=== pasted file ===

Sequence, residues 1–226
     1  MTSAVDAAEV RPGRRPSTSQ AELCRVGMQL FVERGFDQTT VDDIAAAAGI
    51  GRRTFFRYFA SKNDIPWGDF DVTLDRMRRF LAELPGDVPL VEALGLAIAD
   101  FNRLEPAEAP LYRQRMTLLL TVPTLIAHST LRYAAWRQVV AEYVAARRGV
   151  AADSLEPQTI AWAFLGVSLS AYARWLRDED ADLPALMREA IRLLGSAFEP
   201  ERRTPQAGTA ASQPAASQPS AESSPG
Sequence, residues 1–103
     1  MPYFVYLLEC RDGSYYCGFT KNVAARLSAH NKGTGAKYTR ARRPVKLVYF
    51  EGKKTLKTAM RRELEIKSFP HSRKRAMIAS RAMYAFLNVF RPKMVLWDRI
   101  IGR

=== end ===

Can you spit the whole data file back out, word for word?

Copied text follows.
Sequence, residues 1–226
     1  MTSAVDAAEV RPGRRPSTSQ AELCRVGMQL FVERGFDQTT VDDIAAAAGI
    51  GRRTFFRYFA SKNDIPWGDF DVTLDRMRRF LAELPGDVPL VEALGLAIAD
   101  FNRLEPAEAP LYRQRMTLLL TVPTLIAHST LRYAAWRQVV AEYVAARRGV
   151  AADSLEPQTI AWAFLGVSLS AYARWLRDED ADLPALMREA IRLLGSAFEP
   201  ERRTPQAGTA ASQPAASQPS AESSPG
Sequence, residues 1–103
     1  MPYFVYLLEC RDGSYYCGFT KNVAARLSAH NKGTGAKYTR ARRPVKLVYF
    51  EGKKTLKTAM RRELEIKSFP HSRKRAMIAS RAMYAFLNVF RPKMVLWDRI
   101  IGR